Sipping her hot mint tea Sophie smiled and remarked, “How did all this become normal?” Normal became walking in dusty streets with women in burkas while goats sifted through trash, cooking meals in tagines, jogging on the beach beside camels, and surfing right point breaks.
As travelers, we threw ourselves into a world thousands of miles from where we started, and a few days later found ourselves at home; accustomed to new sights, tastes, and sounds.
After a 30 hour cross-continental journey, I met Sophie in a small surfing village called Taghazout in Morocco. I stared out the window on the runway waiting to take off on the final flight of the trip. The crescent-shaped moon hung so low in the sky and glowed such an intense yellow it looked fake, like it was from a movie set. I arrived in Agadir around midnight, and as the young taxi driver sped down the middle of the road he told me the names of surf spots, and pointed to a mass of blackness that was the sea.
The sunrise brought an adrenaline rush stronger than ten espressos, as the mysterious world around me came into focus. The windows in my room gave views of three surf breaks, Anchor Point, Hash Point, and Panaramas. Plans of surfing each one dominated my thoughts already.
Boiler’s was the first spot I surfed and was a twenty minute ride up the coast. We drove through gravelly, desolate, desert hillside. Herds of lambs and goats ambled around the dusty land speckled with argan trees and bushes. Goats climbed high up in tree branches to chew on argan fruit.
I was warned about the sketchy entry and exit to the break, and it proved to be far from the soft sand and flat beach I was accustomed to in Florida. I followed my new friends into the afternoon high tide. I tucked my board under my right arm and scaled down the jagged hillside using my left hand to grip the sturdiest looking rocks. I stepped carefully on slippery black rocks and in between black boulders bigger than me. I saw hundreds of urchins stuck to the rocks just beneath the water. I realized why the spot was called Boiler’s, as there was a big exposed boil from a sunken ship the wave broke next to. I made it to the biggest boulder that blocked the view of the waves, studied the other surfers, and then mimicked their actions.
Just after a big splash exploded on the boulder from a crashing wave, I tossed my board in the water and jumped on top of it. I felt my fins hit a rock as I landed on my board, but paddled to the outside first and then inspected it. My board was unscathed, and before long I paddled into an overhead wave that walled up and peeled. An intense adrenaline rush followed and pulled me back into the line-up, alert and ready for more. When the emerald sets rolled in they allowed me to fly free; to dance up and down the face of the wave.
This is why I left flat, beach break Florida. A welcome session complete with offshore winds and six foot waves breaking in picture-book perfection was any surfer’s dream come true, and I was lucky enough to live it. After a few hours and many waves, the chill of cold water crippled my paddling skills. I followed a local with dreads out of the water. I felt victorious to exit without getting slammed into any of the dark, serrated rocks as big as people.
My first Moroccan surf was followed by my first tagine dinner. The tagine consists of two pieces, a terra cotta cone with a separate base. Being drawn to local customs, Sophie already owned two and knew how to cook in them. When we went to the local market, the souk, I got lost in the rich colors and aromas that created a maze of mandarins, cilantro, olives, mint leaves, towers of carrots, tomatoes, onions, and much more. I trailed behind Sophie as she negotiated using French words and numbers. She knew the merchant with the best eggs, who tied them up nicely making them easy to carry, and the one who gave cherry tomatoes when we bought lettuce and green beans.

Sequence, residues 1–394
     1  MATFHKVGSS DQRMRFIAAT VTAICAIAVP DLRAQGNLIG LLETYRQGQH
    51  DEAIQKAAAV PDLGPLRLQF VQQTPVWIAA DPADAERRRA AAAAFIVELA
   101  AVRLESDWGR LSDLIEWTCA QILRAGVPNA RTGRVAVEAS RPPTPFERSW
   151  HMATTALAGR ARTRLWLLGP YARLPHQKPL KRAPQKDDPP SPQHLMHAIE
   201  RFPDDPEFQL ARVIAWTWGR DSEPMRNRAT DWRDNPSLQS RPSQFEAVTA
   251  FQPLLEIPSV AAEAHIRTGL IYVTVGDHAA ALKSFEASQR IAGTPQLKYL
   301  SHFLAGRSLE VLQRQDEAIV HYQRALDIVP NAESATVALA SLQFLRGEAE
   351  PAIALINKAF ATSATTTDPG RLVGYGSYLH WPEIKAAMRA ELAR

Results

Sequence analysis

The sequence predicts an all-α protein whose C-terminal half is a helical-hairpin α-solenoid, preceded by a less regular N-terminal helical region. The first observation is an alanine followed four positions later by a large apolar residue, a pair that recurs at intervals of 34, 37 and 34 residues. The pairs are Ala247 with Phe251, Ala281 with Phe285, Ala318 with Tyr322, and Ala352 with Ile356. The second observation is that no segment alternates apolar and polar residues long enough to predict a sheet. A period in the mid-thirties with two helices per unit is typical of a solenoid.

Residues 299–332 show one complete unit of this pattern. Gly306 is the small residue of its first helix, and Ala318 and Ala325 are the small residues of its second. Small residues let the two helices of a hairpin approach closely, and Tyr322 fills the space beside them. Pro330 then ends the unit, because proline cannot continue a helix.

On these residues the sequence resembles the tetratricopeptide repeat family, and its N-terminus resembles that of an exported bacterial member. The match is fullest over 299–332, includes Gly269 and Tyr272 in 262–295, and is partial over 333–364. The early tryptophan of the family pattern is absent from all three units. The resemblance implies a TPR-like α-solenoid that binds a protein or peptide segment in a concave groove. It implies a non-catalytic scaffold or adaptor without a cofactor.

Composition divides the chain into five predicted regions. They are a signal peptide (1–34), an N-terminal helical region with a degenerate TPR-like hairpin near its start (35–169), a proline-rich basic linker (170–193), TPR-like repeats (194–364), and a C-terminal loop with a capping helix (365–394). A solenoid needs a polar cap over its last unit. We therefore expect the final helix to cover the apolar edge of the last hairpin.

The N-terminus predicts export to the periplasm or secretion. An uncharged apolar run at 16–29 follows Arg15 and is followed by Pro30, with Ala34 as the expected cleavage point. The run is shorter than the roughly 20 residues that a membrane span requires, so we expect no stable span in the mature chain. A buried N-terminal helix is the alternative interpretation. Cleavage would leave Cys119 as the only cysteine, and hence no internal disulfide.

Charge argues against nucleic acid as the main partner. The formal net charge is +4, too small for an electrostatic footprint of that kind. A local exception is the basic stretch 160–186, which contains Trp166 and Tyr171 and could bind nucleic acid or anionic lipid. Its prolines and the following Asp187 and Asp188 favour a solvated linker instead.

Sophie strategically stacked the food in the tagine; meats and potatoes on the bottom, as they took more heat to cook, while food that required less time and heat, like tomatoes, sat on the top. We made marinades to steam the food in; a curry juice and a coconut Thai. My favorite was a sweet tagine with a honey marinade filled with dates, prunes, and figs. I loved the communal way we ate from the same tagine using fresh bread to scoop up the cuisine. We dined on our back porch serenaded by the lapping waves of the sea below us and a ceiling of shimmering stars above.
The next night on a similar rooftop porch I met a Canadian yoga instructor at a farewell party. She fell in love with Morocco and a Moroccan, and shared a popular saying that she had tattooed on her leg.
“Inshallah means accepting that God sometimes works in mysterious ways; sort of an acknowledgment that He is in control of our plans. It is like saying, ‘God willing’ when you make plans to do something.”
I agreed with the idea and liked the word. Inshallah is a prevalent idea in the Bible. Isaiah 41 is one example, “Who makes things happen? Who controls human events? I do! I am the Lord. I was there at the beginning, and I will be there at the end.” Proverbs 16:1 is another example, “Mortals make elaborate plans, but God has the last word.”
While traveling and surfing almost everything was out of my control. Planning a day or weeks movements brought comfort as it gave the illusion I was in control. Inshallah reminded me of who was really in control, and I knew the one in control had my best interest at heart. The simple phrase brought peace.
Earlier Sophie and I were plotting a road trip to surf in some lesser known spots and to see more of the country. We even planned to sleep in a cave one night. I already saw us snuggled around a fire and being woken up by the first light of dawn, slipping on our wetsuits and being the first in the water. Inshallah.